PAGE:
15 Traits to Cultivate Accountability

Accountability is tied to success. When you are accountable, you are incredible. Here are some tools that can help you understand the importance of accountability in the workplace, and how you can hold others accountable.

1. Get an accountability partner.

Exercise is easier to act on when you have a workout partner or hire a personal fitness trainer. Who can you team up with to hold you to a higher standard? Does anyone cross-check you for lack of accountability? Any goal can be less challenging with an accountability buddy. The right partner creates a culture of accountability by offering a reciprocal relationship and positive feedback, in which each person is inspired by the other to achieve more.

2. Use verbal confirmations.

Say it! Let it be known that you made a verbal commitment to accomplish your goals. If you want someone to fulfill an expectation, let the person acknowledge acceptance of the task or project. Once the person acknowledges the expectation verbally, this is the definition of accountability. This will alleviate the need for micromanagement and constant follow-up. Their verbal confirmation will hold employees accountable for completing the task and ensure effective communication.

3. Remind yourself why it is important.

What is the significance of your resolution? Why do you want what you want? Why is it important to you? Do you want to experience greater financial freedom? How about better health? Do you want a better connection in your relationships? Know, understand, and define why what you want is important to you. Write it down. Refer to it often, especially when you are feeling unmotivated.

4. Leverage the importance of full participation.

Share the importance of everyone being fully involved in creating a team and setting smart goals. Allow them to participate in the decision-making whenever possible. Encourage the team to be on time, to prioritize setting goals, and to be mindful of both the group and their individual goals. Let people know that their commitment and participation are vital. In football or any other sport, each role plays a position that contributes to overall success. Encourage the relevance of individual dedication; this will build trust.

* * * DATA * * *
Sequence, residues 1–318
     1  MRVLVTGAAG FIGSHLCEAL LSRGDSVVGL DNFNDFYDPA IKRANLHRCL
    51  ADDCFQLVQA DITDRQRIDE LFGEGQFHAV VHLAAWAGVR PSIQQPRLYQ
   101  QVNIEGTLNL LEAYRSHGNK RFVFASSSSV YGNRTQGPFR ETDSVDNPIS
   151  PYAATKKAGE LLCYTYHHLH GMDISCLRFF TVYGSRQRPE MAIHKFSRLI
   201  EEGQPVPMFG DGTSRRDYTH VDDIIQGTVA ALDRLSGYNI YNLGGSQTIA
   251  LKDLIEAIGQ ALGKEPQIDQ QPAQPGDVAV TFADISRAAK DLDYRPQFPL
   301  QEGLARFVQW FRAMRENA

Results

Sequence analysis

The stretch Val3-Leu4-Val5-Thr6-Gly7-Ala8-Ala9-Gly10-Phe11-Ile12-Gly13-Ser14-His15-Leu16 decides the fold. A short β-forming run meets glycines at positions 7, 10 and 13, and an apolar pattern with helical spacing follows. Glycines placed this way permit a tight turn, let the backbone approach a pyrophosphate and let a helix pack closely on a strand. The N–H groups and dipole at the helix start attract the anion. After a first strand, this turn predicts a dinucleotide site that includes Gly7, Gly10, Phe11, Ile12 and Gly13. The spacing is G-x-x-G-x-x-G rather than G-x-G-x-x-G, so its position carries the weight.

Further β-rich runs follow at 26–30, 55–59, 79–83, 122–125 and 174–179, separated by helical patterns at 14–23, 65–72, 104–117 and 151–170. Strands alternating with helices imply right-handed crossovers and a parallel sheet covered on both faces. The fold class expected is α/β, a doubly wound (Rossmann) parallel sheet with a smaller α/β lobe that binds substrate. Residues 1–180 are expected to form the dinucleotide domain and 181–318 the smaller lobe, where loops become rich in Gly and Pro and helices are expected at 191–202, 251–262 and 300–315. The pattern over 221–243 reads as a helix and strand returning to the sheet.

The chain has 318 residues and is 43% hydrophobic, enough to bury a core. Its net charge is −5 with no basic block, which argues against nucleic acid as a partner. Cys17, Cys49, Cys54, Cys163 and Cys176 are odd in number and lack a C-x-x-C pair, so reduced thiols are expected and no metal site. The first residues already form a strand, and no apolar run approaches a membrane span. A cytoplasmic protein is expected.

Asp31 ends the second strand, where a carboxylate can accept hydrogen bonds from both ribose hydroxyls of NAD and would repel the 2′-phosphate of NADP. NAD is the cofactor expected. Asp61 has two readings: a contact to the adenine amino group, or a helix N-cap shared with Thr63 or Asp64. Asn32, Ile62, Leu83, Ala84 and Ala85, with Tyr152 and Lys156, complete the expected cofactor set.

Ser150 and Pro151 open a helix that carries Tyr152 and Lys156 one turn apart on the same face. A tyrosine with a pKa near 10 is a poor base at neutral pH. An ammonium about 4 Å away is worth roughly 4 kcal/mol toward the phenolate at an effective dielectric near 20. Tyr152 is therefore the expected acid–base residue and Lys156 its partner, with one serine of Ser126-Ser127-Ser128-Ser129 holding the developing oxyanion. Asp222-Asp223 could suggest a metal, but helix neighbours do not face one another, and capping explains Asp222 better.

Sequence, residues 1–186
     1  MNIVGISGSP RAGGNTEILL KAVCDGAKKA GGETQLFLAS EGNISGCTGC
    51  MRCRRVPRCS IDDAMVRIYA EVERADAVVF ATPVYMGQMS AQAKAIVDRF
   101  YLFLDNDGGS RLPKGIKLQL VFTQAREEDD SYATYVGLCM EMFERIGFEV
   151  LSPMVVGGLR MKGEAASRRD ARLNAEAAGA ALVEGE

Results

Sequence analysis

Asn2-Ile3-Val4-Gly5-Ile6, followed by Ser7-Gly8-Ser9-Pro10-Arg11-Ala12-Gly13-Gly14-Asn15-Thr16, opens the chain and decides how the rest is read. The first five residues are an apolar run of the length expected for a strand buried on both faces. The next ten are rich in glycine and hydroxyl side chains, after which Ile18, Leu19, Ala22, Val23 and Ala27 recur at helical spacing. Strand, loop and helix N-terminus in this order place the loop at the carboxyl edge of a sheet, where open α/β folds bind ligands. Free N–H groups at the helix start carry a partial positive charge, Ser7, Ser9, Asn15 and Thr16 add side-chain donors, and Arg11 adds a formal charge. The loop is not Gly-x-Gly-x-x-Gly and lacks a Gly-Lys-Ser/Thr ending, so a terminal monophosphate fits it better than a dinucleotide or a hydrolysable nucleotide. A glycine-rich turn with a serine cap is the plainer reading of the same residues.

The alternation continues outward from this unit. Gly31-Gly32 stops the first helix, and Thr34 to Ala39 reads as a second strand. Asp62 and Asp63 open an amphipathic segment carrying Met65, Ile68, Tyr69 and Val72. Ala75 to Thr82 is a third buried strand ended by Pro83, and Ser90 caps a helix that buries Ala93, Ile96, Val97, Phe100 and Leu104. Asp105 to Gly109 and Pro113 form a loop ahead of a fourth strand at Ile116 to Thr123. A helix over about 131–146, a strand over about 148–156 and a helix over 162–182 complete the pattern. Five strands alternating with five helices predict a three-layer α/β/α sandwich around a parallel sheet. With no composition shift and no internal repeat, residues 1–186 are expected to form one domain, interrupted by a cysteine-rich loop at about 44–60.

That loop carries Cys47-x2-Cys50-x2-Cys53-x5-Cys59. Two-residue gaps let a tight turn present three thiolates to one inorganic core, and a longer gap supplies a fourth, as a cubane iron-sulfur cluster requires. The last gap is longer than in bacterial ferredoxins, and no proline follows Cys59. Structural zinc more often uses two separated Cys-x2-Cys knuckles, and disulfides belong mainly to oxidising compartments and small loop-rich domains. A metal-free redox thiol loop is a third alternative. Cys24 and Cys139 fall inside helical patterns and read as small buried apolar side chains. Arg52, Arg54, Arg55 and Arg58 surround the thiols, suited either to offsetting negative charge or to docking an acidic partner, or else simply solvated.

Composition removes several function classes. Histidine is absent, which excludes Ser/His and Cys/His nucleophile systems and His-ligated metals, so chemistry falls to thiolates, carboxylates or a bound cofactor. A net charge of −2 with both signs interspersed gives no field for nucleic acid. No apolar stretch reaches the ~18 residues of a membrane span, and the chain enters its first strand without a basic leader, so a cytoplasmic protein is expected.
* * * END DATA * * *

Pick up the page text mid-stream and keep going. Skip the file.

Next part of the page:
“Being an example is not a way of influencing others, it is the only way.”

Albert Einstein

5. Give positive acknowledgment.

Every day you have the opportunity to tell someone they did a great job. It only takes a few seconds to recognize the efforts of others. Who helped you? Who stepped up to contribute value? Personally and publically, give credit to those that earned it! Follow Sam Walton’s advice: “Outstanding leaders go out of the way to boost the self-esteem of their personnel.”

6. Use environmental anchors.

Place items in your environment that evoke action for employee engagement. Display your goals and objectives to encourage workplace accountability. The benefits of accountability will give employees a sense of ownership over their environment. Business leaders understand that job satisfaction is key to cultivating high-performing teams and improving team morale. Major corporations have signage announcing their mission and core values to remind employees and customers what their company culture should look like and what they stand for. It is a good practice to post individual and team goals throughout the work environment, where they can be reviewed often.

7. Focus on personal Accountability.

If you want other team members to be accountable for their actions, then you must first demonstrate your personal accountability. The manager or supervisor who preaches the importance of punctuality but always misses team meetings and check-ins and is consistently tardy loses credibility. If you want to be seen as a leader and to lead others, you must assess your personal responsibility and let your behavior do the talking.

8. Provide appropriate training.

Holding someone accountable that has not been appropriately trained is insanity and will lead to employee turnover. Does the person know what is expected of them? Do they have clear expectations laid out for them? Do they have the skill set to follow through and a safe space to perform what is expected? If not, this is not a question of employee accountability. This is a problem within the leadership workflow. Ongoing training is one of the best ways to ensure Accountability because it removes the excuse of “I didn’t know” or “I don’t know how.” Employees cannot understand workplace culture and take pride in their performance if they aren’t effectively trained.

Everyone needs a coach at one time or another. You might be called upon to fill the role of a coach, a leader, or a friend. The request could come within the next hour, day, week, or month. You can quickly improve your odds of being a success if you follow this template for work relationships and teamwork that offers a few basic yet powerful business coaching tools.

Best of success to you!

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